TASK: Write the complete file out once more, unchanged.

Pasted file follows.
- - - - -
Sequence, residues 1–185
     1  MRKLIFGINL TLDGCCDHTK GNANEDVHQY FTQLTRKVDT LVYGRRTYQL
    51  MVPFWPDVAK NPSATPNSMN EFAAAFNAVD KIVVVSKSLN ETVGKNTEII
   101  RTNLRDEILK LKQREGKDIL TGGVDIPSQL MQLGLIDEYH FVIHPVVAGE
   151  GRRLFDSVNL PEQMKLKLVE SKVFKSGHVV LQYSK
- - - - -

Sequence, residues 1–185
     1  MRKLIFGINL TLDGCCDHTK GNANEDVHQY FTQLTRKVDT LVYGRRTYQL
    51  MVPFWPDVAK NPSATPNSMN EFAAAFNAVD KIVVVSKSLN ETVGKNTEII
   101  RTNLRDEILK LKQREGKDIL TGGVDIPSQL MQLGLIDEYH FVIHPVVAGE
   151  GRRLFDSVNL PEQMKLKLVE SKVFKSGHVV LQYSK